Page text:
For many years, linguists (especially in the US) have discussed concepts such as Language Universals and Universal Grammar (UG), in an attempt to find features or patterns shared by all languages in the world. The idea seems interesting but... is there anything really 'universal' in language? In a recent article, Nicholas Evans and Stephen Levinson have reviewed the concept of language universals, offering a great deal of examples that contradict even the most basic of the universals proposed by Greenberg and other linguists. According to the authors of the article, the only thing that can be established is a series of statistical tendencies (following Greenberg's nomenclature) that may be inferred from typological analysis. As for Chomsky's UG, I personally think it is one of the most irrelevant concepts ever devised in linguistics.
So it seems that there might be nothing really 'universal' about human language, but what about human communication? In two recent posts (here and here), I put forward some ideas about the origin of language and grammar. In my opinion, the main difference between human and non-human 'language' is the fact that we can use the narrative/descriptive vs imperative contrast in our utterances; in fact, there's no way we can produce an utterance ouside these parameters. If I say a word or a sentence, I'm either narrating/describing something or telling someone to do something, or maybe a combination of both, whereas in non-human communication, it is not clear that this contrast is used meaningfully, or consciously. At first, I thought of it in terms of 'language' or 'grammar', but then I realized that it is present in both verbal and non-verbal types of human communication. Whenever we communicate, with words or with gestures, we are actually creating narrative, descriptive or imperative contexts, and our listeners have an ability to decode this variety of meanings. The grammatical components associated with this contrast, e.g. the various moods (imperative, optative, indicative, etc.) were probably preceded by a non-verbal 'grammar' that set the foundations for human oral language as we know it. Without this previous development, which may have originated at a very early stage in our development as a species, our verbal communication would be limited to a simple set of calls.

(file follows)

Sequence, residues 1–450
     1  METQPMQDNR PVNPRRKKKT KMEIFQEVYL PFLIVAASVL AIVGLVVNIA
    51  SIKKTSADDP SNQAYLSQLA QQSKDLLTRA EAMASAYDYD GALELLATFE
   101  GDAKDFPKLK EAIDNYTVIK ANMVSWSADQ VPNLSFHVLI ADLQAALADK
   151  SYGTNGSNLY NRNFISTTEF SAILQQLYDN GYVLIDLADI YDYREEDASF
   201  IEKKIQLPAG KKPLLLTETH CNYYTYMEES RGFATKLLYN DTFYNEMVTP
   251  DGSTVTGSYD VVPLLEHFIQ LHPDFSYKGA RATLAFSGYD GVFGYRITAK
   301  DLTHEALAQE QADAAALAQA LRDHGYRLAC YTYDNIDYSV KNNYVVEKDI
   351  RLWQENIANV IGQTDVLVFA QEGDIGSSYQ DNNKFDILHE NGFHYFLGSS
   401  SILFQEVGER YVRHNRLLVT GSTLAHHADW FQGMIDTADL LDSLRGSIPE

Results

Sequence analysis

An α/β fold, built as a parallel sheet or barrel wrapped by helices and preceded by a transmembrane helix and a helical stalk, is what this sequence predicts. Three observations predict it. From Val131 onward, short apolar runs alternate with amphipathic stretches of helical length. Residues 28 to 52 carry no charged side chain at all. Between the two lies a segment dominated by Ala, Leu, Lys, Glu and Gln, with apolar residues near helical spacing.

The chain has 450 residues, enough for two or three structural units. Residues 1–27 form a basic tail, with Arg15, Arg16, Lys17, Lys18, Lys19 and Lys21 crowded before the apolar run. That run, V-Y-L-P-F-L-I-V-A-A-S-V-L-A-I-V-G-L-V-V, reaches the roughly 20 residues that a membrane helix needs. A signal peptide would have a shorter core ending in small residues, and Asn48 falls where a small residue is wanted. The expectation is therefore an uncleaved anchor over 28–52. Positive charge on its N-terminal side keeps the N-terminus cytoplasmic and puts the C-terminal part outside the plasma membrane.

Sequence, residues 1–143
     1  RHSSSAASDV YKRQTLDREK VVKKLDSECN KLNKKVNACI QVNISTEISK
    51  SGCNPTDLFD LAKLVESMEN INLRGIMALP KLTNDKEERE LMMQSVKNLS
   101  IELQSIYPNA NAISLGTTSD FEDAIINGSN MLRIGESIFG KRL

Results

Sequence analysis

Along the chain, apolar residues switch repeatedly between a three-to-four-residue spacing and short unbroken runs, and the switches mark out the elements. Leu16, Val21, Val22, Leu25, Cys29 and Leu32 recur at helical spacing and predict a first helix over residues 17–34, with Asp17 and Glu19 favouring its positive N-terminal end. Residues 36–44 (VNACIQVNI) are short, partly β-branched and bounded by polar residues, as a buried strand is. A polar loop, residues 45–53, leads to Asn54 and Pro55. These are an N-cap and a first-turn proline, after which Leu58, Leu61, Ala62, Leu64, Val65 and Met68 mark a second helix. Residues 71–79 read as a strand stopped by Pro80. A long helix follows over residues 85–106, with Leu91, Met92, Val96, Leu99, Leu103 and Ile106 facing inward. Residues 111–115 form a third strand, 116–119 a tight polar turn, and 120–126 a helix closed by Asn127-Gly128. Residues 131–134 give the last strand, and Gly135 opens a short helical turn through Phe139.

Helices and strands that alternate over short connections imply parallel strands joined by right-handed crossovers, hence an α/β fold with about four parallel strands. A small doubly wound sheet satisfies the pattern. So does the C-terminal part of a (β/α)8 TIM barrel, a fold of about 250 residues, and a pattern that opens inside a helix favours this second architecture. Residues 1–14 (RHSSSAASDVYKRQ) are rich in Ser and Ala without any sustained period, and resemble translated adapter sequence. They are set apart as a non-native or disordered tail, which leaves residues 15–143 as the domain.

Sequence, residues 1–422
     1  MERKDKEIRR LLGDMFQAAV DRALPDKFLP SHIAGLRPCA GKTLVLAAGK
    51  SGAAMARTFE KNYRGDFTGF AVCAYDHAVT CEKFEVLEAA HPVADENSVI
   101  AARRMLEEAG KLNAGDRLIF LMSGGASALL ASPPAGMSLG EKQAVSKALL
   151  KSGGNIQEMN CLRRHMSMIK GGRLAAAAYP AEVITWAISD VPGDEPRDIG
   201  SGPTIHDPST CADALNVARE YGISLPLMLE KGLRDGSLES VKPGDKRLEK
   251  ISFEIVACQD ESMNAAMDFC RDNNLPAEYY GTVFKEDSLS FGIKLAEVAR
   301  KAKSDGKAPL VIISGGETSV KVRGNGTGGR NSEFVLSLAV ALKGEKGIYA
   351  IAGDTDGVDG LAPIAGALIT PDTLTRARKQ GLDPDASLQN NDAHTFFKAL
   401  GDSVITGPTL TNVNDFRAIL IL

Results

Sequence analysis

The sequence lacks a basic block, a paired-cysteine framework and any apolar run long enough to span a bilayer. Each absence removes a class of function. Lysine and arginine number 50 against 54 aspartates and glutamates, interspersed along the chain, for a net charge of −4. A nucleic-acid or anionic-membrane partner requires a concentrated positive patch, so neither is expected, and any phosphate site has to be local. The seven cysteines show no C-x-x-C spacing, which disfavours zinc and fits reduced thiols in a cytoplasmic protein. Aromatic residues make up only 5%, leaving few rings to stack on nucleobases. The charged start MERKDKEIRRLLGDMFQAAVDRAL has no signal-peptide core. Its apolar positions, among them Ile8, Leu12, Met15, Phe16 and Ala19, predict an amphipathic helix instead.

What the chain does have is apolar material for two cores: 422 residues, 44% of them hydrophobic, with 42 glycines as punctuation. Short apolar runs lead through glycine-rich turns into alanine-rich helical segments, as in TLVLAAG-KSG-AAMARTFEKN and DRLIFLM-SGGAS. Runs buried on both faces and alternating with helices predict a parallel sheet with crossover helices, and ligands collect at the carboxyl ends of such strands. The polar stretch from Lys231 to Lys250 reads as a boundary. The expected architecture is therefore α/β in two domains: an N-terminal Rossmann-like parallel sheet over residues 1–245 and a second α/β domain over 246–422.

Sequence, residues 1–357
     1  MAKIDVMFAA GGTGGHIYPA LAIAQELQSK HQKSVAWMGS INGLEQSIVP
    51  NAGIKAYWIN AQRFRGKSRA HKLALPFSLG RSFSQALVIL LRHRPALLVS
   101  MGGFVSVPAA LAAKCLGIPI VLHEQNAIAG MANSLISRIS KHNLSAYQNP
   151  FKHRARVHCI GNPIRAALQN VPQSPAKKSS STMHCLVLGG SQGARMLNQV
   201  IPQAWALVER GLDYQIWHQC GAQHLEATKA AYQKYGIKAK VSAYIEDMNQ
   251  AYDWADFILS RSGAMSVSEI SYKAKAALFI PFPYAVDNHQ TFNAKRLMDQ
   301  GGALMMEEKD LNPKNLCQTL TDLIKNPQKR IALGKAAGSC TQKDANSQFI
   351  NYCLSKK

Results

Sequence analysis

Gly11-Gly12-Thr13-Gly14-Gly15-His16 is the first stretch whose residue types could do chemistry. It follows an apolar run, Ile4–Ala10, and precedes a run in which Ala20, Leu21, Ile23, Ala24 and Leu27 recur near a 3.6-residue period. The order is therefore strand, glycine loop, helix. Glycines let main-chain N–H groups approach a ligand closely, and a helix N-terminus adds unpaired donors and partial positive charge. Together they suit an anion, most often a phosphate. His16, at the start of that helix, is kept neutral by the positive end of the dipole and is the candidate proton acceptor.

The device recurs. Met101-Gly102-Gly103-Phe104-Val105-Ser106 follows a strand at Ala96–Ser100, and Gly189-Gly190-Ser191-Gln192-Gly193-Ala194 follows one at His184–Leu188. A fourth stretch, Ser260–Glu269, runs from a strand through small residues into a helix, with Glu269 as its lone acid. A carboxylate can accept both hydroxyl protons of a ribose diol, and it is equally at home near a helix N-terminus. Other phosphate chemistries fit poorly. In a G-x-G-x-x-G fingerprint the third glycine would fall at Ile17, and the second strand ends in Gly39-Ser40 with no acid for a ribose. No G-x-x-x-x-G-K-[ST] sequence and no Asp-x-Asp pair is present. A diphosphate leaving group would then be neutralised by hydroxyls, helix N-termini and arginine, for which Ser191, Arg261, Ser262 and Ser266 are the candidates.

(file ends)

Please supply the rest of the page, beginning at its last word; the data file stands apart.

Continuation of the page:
Now, what about universals? Is it possible to find them at the level of human communication? I can see at least two possible candidates:
1. All human groups use verbal language, unless their members are physically impaired to develop this ability, e.g. deaf and dumb people.
2. In all types of human communication, both verbal and non-verbal, a significant contrast is established between narrative/descriptive and imperative contents.
Sources of the pictures, (added on Jan31, 2010): 1st and 3rd, from Inimagine; 2nd picture, from this interesting article in PNAS.